4 – Test Early and Often

If you have not delivered training this way before, test the course several times to work out the kinks.


5 – Keep it Short

Authorities agree that 60 to 90 minutes is the optimum time for a single online session, with two hours at the maximum limit.


For longer courses, consider breaking the class into multiple sessions with assignments and self-paced learning activities in between.


If you find that you're in a situation in which longer sessions are your best option (e.g., in our flagship workshop Leadership and the Middle Path, when held online, we go 4.5 hours per day over four days) be sure to take plenty of stretch breaks, and encourage participants to stand and stretch on their own as needed.


6 – Confirm the Audience Can Use the Application

If learners are unfamiliar with the platform, start the session by introducing the interface components. Let them test the interactive tools.


7 – Engage Learners from the Start

Use interactive openers. For example, ask participants to type their names and job titles/organizations into the chat area, and then welcome them verbally. Another introductory activity: show a map and have everyone use an annotation tool to indicate their location.


8 – Engage Learners with Frequent Interactions

Interactivity is one of the most important techniques for keeping learners attentive. Ask questions often and provide other interactions regularly.


9 – Minimize Text on Slide Decks

Keep your slides as clean and concise as possible. Do not expect participants to read the words the instructor is speaking. Research suggests this actually detracts from learning.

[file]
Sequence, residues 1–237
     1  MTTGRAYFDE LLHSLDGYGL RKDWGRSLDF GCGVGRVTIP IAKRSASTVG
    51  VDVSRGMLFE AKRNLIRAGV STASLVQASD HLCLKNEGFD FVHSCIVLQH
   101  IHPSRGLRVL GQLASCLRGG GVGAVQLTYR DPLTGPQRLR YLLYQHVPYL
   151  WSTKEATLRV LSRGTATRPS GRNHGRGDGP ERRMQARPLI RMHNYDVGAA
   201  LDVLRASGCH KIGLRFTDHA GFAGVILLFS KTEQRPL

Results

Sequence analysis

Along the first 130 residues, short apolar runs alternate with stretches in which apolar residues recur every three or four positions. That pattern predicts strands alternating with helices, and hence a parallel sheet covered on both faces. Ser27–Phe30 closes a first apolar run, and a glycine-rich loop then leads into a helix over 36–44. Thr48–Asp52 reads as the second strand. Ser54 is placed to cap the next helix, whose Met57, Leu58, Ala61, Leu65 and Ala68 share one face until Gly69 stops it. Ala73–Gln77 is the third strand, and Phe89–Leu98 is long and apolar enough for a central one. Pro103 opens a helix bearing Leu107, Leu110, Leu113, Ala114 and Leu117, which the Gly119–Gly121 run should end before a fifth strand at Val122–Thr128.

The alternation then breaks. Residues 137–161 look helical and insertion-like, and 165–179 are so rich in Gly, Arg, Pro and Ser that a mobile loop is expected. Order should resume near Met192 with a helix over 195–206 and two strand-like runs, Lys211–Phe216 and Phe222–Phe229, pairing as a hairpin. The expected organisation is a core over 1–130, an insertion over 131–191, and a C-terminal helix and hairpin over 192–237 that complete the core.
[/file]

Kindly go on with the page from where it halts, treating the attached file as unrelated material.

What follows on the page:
10 – Record for Playback and Evaluation

Most platforms make it easy to record and save online sessions. Recordings can be valuable to reach more learners, but also to evaluate your performance and improve subsequent sessions.


Top-10 best practices derived from the following sources:

  • Kassy Laborie – Interact and Engage! (Association for Talent Development, 2015)

  • Ruth Colvin Clark and Ann Kwinn, The New Virtual Classroom: Evidence-based Guidelines for Synchronous e-Learning (Pfeiffer, 2007).

  • Jennifer Hoffman, The Synchronous Trainer’s Survival Guide: Facilitating Successful Live and Online Courses, Meetings, and Events (John Wiley & Sons, 2004)

  • The E-Learning Guild’s 144 Tips on Synchronous e-Learning, Strategy + Research – http://www.elearningguild.com.

Many thanks to Deborah Klein and Catherine Wood for their contributions to this post.

 

Come join us for our next Leadership and the Middle Path workshop.

 

Sometimes leaders need extra help along the way—some dedicated, professional attention to assist us in crossing a threshold, working through a transition, changing a habit, or developing a new skill. Contact Russ today to discuss your coaching needs. He offers developmental-, performance- and transition-coaching (PDF). See also About the Middle Path.